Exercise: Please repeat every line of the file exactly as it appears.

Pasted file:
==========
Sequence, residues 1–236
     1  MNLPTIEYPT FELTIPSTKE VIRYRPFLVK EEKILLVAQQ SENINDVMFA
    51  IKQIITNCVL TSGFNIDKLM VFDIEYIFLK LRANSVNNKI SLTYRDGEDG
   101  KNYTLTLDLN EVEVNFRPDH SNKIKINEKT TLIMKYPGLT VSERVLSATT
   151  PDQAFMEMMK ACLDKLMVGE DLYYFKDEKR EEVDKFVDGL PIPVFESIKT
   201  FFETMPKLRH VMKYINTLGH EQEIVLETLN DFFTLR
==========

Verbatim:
Sequence, residues 1–236
     1  MNLPTIEYPT FELTIPSTKE VIRYRPFLVK EEKILLVAQQ SENINDVMFA
    51  IKQIITNCVL TSGFNIDKLM VFDIEYIFLK LRANSVNNKI SLTYRDGEDG
   101  KNYTLTLDLN EVEVNFRPDH SNKIKINEKT TLIMKYPGLT VSERVLSATT
   151  PDQAFMEMMK ACLDKLMVGE DLYYFKDEKR EEVDKFVDGL PIPVFESIKT
   201  FFETMPKLRH VMKYINTLGH EQEIVLETLN DFFTLR